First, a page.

Infographics for Change
DukeEngage Ghana students and their partners from the University of Cape Coast created this infographic to illustrate safer motor oil handling practices.
Starting Strong in Service
Through DukeEngage’s Gateway program, incoming Duke students volunteer with organizations in their communities before arriving on campus in the fall.
One of 18 students to complete a service project with Gateway this summer, Victoria Ko worked with the Chinese-American Coalition for Compassionate Care in San Francisco. Her motivation was to encourage dialogue in the Chinese-American community about the “particularly tough subject” of Advanced Care Planning. Through working on projects with CACC, she said she “understood more how people in healthcare navigate resistances” to difficult subjects.
Survey select figures that demonstrate the scope and impact of DukeEngage summer group programs.
Join students, faculty, community partners, and alumni as they reflect on their time with DukeEngage.
“A collective responsibility implies that we all have a stake and part to play in our communal and individual futures. To be responsible for something means being accountable for an aspect of organized social life, and owing others things means finding ways to dig deeper and imagine better futures for each other and for ourselves. I find myself compelled by the idea of collective responsibility and striving to make things better for all of us.”
– Brinda Raghavendra
DukeEngage Cape Town
“From the moment we walked into Catholic Charities Legal Services, CCLS, our lives changed. Through the sorrow, we found hope. We found hope when we translated, and there was relief on their faces. We found hope through the attorneys who found fulfillment in helping these communities of immigrants. But most importantly we learned to see life through a different lens, we began to see life through the eyes of dozens of immigrants we helped at CCLS.”
– Kay Maldonado
“While it will take a long time to realize DukeEngage Korea’s vision and mission of integrating immigrants into the relatively homogenous country of Korea, I saw that it only requires a short time for personal relationships to meaningfully change and impact an individual child. That is my theory of change. Change can stem from the one-on-one relationships we cultivated and snowball into something of grandeur.”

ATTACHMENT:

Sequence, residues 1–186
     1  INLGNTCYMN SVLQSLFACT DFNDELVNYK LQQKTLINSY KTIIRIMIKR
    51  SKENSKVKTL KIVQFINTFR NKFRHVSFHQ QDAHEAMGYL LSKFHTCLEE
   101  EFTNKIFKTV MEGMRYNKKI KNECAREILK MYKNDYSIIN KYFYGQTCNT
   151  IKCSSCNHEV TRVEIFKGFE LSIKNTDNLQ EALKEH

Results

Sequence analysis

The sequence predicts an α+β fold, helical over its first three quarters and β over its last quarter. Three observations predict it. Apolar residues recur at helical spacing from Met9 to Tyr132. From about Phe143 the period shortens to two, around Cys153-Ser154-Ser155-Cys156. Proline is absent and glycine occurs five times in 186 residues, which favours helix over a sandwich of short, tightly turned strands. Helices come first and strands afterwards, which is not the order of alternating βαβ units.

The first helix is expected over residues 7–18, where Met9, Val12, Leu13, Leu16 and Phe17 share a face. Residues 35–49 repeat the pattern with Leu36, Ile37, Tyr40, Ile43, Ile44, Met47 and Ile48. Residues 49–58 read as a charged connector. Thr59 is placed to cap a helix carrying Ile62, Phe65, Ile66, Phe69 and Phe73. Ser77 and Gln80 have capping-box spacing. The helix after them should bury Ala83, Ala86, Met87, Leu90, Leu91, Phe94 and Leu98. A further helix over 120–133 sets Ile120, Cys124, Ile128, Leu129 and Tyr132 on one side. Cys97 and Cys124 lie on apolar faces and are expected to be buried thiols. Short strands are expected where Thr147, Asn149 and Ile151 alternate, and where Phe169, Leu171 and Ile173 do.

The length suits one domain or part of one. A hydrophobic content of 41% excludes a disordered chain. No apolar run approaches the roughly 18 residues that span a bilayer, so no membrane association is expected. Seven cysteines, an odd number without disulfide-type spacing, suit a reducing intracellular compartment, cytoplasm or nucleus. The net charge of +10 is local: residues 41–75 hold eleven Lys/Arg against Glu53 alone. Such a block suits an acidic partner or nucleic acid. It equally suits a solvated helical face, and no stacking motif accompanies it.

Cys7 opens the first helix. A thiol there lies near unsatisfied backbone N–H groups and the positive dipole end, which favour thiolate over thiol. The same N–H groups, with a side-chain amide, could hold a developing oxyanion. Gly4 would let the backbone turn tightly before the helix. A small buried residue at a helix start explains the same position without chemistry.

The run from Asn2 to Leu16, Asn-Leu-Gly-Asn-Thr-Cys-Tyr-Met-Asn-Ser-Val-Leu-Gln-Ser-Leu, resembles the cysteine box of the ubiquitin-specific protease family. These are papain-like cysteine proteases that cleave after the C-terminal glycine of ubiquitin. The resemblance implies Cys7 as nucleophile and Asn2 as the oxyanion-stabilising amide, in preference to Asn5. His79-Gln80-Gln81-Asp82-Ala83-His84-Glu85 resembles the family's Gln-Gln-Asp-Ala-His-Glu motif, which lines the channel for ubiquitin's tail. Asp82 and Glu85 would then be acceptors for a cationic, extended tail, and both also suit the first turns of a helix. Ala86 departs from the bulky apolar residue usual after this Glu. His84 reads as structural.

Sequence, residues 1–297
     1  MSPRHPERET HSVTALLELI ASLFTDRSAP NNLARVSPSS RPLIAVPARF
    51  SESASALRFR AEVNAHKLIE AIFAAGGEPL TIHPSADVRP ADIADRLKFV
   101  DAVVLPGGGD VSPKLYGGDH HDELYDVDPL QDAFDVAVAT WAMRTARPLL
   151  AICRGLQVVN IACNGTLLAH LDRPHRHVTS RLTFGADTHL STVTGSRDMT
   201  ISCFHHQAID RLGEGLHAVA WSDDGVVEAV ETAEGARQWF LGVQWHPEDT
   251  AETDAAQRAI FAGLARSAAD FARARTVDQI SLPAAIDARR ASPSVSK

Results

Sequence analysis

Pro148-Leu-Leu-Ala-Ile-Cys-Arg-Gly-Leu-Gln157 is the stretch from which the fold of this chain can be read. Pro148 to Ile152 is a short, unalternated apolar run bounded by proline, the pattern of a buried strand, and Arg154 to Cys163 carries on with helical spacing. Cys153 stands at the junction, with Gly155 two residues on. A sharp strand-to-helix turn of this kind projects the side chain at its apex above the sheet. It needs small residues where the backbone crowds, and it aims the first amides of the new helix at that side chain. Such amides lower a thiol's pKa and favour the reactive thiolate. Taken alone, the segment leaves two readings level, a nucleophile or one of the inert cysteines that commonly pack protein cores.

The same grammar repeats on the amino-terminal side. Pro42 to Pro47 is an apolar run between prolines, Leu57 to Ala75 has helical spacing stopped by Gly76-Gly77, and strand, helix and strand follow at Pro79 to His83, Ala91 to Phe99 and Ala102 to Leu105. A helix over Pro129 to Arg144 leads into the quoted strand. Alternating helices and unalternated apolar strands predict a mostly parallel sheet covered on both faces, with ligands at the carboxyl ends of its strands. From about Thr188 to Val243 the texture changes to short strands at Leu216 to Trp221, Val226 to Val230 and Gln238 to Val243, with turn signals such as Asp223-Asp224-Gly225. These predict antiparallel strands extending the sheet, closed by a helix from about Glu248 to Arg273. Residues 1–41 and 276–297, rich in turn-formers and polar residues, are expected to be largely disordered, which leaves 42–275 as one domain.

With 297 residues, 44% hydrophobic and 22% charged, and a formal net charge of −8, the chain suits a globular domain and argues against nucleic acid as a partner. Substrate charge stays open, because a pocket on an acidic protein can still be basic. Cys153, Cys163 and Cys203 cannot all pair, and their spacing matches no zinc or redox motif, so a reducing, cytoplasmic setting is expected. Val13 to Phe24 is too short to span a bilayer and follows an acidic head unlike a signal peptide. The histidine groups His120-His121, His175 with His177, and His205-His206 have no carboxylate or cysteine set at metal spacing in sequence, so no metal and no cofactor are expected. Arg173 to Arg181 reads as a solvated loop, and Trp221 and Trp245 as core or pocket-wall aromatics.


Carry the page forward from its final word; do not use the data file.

– Hyonjun Yun
“The 2022 Duke-WISER partnership goes down in memory as one of the most successful programs: featuring a team with diverse skills, knowledge, and talents. Their willingness and ability to work with the community, gather information through the water survey, participate in community service programs and establish an excellent working relationship with the dominant community transport service providers (piki drivers) were instrumental in the overall success of this year’s program.”
– Kennedy Mikula
Director of Studies
WISER Girls School
Muhuru Bay, Kenya
“DukeEngage allows students to see the tragic but inspiring nuances of making science policy in the U.S. The students come into this program with high hopes about improving the world and making everything better, and I want to take that energy and help them think strategically about their goals. They come into this program with great ambitions, but they leave with the skills and discretion to actually achieve them.”
– Thomas Williams, J.D.
DukeEngage Washington, D.C.
Science and Society
“DukeEngage continues to be one of the highlights of my Duke experience. It is an absolute pleasure to see so many students have the opportunity to work with renowned faculty leaders, partnering with communities around the world. Programs, such as Duke Engage, remind us that Duke really is a special place.”
– Tre’Ellis Scott, T’15
DukeEngage Board Chair